Thank you for using the timer - this advanced tool can estimate your performance and suggest more practice questions. We have subscribed you to Daily Prep Questions via email.
Customized for You
we will pick new questions that match your level based on your Timer History
Track Your Progress
every week, we’ll send you an estimated GRE score based on your performance
Practice Pays
we will pick new questions that match your level based on your Timer History
Not interested in getting valuable practice questions and articles delivered to your email? No problem, unsubscribe here.
Thank you for using the timer!
We noticed you are actually not timing your practice. Click the START button first next time you use the timer.
There are many benefits to timing your practice, including:
Your score will improve and your results will be more realistic
Is there something wrong with our timer?Let us know!
A marketing firm determined that, of 200 households surveyed
[#permalink]
22 Sep 2016, 12:04
1
6
Bookmarks
00:00
Question Stats:
60% (01:34) correct
40% (02:11) wrong based on 70 sessions
HideShow
timer Statistics
A marketing firm determined that, of 200 households surveyed, 80 used neither Brand A nor Brand B soap, 60 used only Brand A soap, and for every household that used both brands of soap, 3 used only Brand B soap. How many of the 200 households surveyed used both brands of soap?
A marketing firm determined that, of 200 households surveyed
[#permalink]
22 Sep 2016, 12:05
3
GreenlightTestPrep wrote:
A marketing firm determined that, of 200 households surveyed, 80 used neither Brand A nor Brand B soap, 60 used only Brand A soap, and for every household that used both brands of soap, 3 used only Brand B soap. How many of the 200 households surveyed used both brands of soap?
(A) 15 (B) 20 (C) 30 (D) 40 (E) 45
Here's a step-by-step approach using the Double Matrix method.
Here, we have a population of 200 households , and the two characteristics are: - using or not using Brand A soap - using or not using Brand B soap
So, we can set up our matrix as follows (where "~" represents "not"):
80 used neither Brand A nor Brand B soap We can add this to our diagram as follows:
60 used only Brand A soap We get...
At this point, we can see that the right-hand column adds to 140, which means 140 households do NOT use brand B soap.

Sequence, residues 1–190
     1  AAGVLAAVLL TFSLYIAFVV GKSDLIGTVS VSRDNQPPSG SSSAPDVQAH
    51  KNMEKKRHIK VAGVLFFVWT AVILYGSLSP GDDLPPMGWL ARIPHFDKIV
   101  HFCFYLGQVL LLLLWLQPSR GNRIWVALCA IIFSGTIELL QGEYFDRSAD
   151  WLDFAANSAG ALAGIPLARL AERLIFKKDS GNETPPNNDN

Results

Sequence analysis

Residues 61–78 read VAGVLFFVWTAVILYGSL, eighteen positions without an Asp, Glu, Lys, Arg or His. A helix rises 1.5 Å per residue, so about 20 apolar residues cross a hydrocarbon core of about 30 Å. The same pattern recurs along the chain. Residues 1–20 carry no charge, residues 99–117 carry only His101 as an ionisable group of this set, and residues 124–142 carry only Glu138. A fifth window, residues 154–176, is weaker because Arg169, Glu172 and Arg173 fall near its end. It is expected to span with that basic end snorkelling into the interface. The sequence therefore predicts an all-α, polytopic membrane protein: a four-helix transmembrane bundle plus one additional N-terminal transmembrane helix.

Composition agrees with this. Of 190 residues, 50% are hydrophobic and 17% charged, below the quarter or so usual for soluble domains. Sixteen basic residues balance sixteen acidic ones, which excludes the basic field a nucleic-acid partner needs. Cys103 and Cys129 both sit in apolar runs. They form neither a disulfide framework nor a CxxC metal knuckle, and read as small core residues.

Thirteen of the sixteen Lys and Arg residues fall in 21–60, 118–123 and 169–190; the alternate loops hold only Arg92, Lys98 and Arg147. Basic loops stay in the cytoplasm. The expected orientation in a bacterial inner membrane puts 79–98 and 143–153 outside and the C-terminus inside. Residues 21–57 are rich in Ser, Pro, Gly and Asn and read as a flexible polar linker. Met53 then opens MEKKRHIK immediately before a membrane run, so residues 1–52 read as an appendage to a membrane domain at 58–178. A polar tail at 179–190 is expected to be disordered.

Since there are 200 households altogether, we can conclude that 60 households DO use brand B soap.
For every household that used BOTH brands of soap... Let's let x = # of households that use BOTH brands....
...3 used only Brand B soap. So, 3x = # of households that use ONLY brand B soap
At this point, when we examine the left-hand column, we can see that x + 3x = 60 Simplify to get 4x = 60 Solve to get x = 15
How many of the 200 households surveyed used BOTH brands of soap? Since x = # of households that use BOTH brands of soap, the correct answer here is: A
Re: A marketing firm determined that, of 200 households surveyed
[#permalink]
03 Jun 2019, 07:47
This math is little confusing to me - for example, for every household that used both brands of soap, 3 used only Brand B soap. how come we find 3 households use ONLY brand B? I request for little more elucidation , if there is any. Regards
Re: A marketing firm determined that, of 200 households surveyed
[#permalink]
22 Aug 2019, 13:26
1
GreenlightTestPrep wrote:
A marketing firm determined that, of 200 households surveyed, 80 used neither Brand A nor Brand B soap, 60 used only Brand A soap, and for every household that used both brands of soap, 3 used only Brand B soap. How many of the 200 households surveyed used both brands of soap?
(A) 15 (B) 20 (C) 30 (D) 40 (E) 45
Quick and dirty:
200 people must be accounted for.
so 200 = (number of people in all the categories)
we've got 80 that didn't use anything, 60 that only used A, x that used both, and 3x that used B.
so 200 = 80 + 60 + 4x
60 = 4x
x = 15.
(Helps to draw a Ven diagram as well. That's how I set up the problem and then then came up with the equation from there..)
~~~~~~ Looks like the x and 3x is the most confusing part. The ratio between both and just B is 1:3 (for every 1 that does both we have 3 that do B). "Multiply" the ratio by x so that it's general. x:3x
Re: A marketing firm determined that, of 200 households surveyed
[#permalink]
05 Mar 2024, 20:50
Hello from the GRE Prep Club BumpBot!
Thanks to another GRE Prep Club member, I have just discovered this valuable topic, yet it had no discussion for over a year. I am now bumping it up - doing my job. I think you may find it valuable (esp those replies with Kudos).
Want to see all other topics I dig out? Follow me (click follow button on profile). You will receive a summary of all topics I bump in your profile area as well as via email.